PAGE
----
I made two of the Pain au Levains at one kilogram each. I left one with our landlord and the other travelled with us to lunch. The friends we met (one of whom is Sicilian) reside in a northern Queensland town with a large Italian community. He was eager to try the bread and soon our conversation turned to pizza and woodfired ovens. His son has a small business running a pizza oven on a trailer at local events … we had lots to talk about and the lunch was lazy, delicious and full of laughter. The bread was very well received. Sorry no crumb shot as the bread disappeared fast.


Today I woke early to beat the heat and humidity we have been experiencing. The bake was to be nothing new ... 3 grain country bread with two starters ... Consistency was the aim. The night before I spent milling, sifting and preparing starters. Also on a happy note, I have sourced some rye grains that are performing well compared to the previous batch.

I doubled my usual formula as I was making two x 1kg batards and a 2kg miche.

Slap and folding 4kgs of dough was lively start to my day. The dough came together smoothly and with a little help from some icebricks and a cooler bag I was able to control the temperature through bulk ferment while watching it like a hawk.

I proved the miche for 1 hour 45 mins while the batards went straight into the fridge to wait patiently…

The miche was baked first … slightly underproved … damn.

The batards came next … very pleased. Lovely gringe and a dramatic look … happy.

I sliced open the miche in the afternoon and was greeted with plenty of flavour and aroma that will only improve as the days go on.

The evening is around us now and a quiet night waits. The oven is cool and I need a rest.

All the best,



Baker Frank's picture
Baker Frank

Corn Bread

Several years ago Bread Alone sold a loaf they called corn bread that they no longer produce. Although I have gotten close to replicating it I have not been totally successful, I have tried contacting  Daniel Leader several times to ask for the recipe with no response, and have previously written in baking blogs to see if anyone knew this bread and the recipe, and again, without success.

So here I go again, if you are familiar with his corn bread and know the recipe please share it.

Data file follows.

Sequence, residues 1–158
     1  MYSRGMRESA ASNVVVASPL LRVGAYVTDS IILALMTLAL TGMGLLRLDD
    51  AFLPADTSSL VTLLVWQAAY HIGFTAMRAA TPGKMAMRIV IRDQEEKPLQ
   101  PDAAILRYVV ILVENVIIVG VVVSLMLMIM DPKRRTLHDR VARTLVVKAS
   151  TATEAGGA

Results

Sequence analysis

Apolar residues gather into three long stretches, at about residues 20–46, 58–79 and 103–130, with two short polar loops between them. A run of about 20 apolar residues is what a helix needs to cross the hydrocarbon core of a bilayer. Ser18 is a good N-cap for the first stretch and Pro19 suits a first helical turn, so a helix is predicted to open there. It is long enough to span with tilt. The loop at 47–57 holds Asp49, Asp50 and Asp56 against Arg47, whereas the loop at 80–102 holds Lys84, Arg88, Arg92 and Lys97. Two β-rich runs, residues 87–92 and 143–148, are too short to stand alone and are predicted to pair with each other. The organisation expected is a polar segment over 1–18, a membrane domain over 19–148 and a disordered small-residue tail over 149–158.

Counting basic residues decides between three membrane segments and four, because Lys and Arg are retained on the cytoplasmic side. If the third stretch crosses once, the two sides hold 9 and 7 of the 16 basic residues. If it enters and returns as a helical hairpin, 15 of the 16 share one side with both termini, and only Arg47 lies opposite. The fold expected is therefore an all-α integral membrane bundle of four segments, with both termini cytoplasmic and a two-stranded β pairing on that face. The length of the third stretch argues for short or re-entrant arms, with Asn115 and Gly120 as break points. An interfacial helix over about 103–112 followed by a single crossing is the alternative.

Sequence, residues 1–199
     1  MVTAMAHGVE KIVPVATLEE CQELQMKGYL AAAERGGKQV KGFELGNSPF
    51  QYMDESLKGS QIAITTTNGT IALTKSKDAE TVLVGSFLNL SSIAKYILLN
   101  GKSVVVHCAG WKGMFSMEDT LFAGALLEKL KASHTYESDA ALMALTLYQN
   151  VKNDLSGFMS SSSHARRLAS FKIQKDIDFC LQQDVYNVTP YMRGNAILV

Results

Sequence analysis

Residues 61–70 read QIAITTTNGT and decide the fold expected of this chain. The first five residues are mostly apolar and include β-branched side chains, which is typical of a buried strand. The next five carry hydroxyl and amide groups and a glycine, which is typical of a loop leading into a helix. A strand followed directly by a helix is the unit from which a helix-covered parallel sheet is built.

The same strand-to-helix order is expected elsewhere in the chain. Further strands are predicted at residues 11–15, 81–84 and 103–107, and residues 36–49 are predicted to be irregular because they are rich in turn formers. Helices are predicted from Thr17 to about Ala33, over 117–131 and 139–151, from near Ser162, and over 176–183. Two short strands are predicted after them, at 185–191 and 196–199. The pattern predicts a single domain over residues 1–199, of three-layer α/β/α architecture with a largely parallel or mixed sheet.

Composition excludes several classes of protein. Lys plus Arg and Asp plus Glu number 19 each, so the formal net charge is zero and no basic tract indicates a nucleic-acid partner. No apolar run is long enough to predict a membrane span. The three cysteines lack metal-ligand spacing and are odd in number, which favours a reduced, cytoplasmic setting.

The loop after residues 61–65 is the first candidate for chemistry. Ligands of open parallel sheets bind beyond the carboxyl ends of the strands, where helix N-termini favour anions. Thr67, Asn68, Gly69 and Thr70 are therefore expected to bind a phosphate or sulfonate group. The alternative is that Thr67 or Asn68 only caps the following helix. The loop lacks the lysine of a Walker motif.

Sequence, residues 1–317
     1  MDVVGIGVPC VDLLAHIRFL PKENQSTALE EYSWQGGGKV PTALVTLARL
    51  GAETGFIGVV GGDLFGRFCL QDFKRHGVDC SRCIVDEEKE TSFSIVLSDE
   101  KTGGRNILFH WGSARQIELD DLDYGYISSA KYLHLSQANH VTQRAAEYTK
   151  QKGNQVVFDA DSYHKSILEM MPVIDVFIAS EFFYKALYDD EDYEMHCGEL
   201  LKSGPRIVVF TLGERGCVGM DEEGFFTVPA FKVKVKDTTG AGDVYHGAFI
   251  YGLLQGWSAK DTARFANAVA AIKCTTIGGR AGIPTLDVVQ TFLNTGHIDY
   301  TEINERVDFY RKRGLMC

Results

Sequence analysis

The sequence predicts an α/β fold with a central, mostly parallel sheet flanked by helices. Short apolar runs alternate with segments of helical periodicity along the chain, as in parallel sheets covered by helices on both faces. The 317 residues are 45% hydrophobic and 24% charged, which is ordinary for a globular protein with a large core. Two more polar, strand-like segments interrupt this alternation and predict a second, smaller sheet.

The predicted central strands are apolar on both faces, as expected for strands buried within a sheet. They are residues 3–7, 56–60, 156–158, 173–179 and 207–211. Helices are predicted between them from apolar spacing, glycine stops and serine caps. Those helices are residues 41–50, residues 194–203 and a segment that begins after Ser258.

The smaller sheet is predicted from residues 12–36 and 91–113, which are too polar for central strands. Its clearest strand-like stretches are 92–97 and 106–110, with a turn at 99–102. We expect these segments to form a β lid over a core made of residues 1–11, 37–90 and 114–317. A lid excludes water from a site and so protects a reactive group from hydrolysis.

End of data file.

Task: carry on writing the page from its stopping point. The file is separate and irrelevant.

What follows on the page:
Thank you, Frank

OMyStarz's picture

Can a Starter be Too Active?

Hi everyone,

I'm new to your forum and to starters/bread baking.  I've done a little bread machine baking (actually dough kneading) using commercial yeast and maybe a few loaves on my own with my KA mixer, but that's about it.  I've not had any total flops, so I guess up until now I've been pretty lucky.

I started a starter from scratch about 2 weeks ago.  "Bob" was born on 10/28 using bread flour and water.  Yesterday and today he has way over doubled in just a few hours after feeding.  I wouldn't say he tripled, but increased his volume somewhere between 2-1/2 to 3 times.

My question is this normal for a 2 week old starter? 

Also yesterday, when I was washing out his jar I scraped out the tablespoon or so that was clinging to the jar and put it into another clean jar and fed.  After feeding again this morning I'd say this new jar of starter (to be named later) has doubled, 3 hours after feeding today I'd say there looks to be about a 1/2 cup in the jar. 

Does everything sound like it's going alright?  This is my first starter ever and I'm not sure how it's supposed to act at this stage.


laron's picture

Any cookie bakers out there?

Is there anyone out there that has a great recipie for a cut out cookie, either butter or sugar.  I had a really good butter cookie recipie but misplaced it and I don't feel like going through the trial baking again.  I promised my daughter that I would make cookies for her wedding favors and need about 300.  I want to make snowflake cookies for a December wedding.  Any suggestions greatly appreciated.


tn gabe's picture
tn gabe

cantilevered oven door?

a door that opens down and into the oven when you hit it with the peel and closes when you remove the peel.

i saw one in a video on youtube and can't seem to find it again. if you've got one in your oven or even put some thought into making one, i'd love to hear it. 

the one in the video was cast, but.i'm thinking insulating castable poured into a welded frame, that folds into the oven, with a recessed area in the 'foyer' (if you will) so the door is flush with the deck when open. if i could figure out how to do anything with google sketchup i'd have a picture. sorry if this is hard to visualize.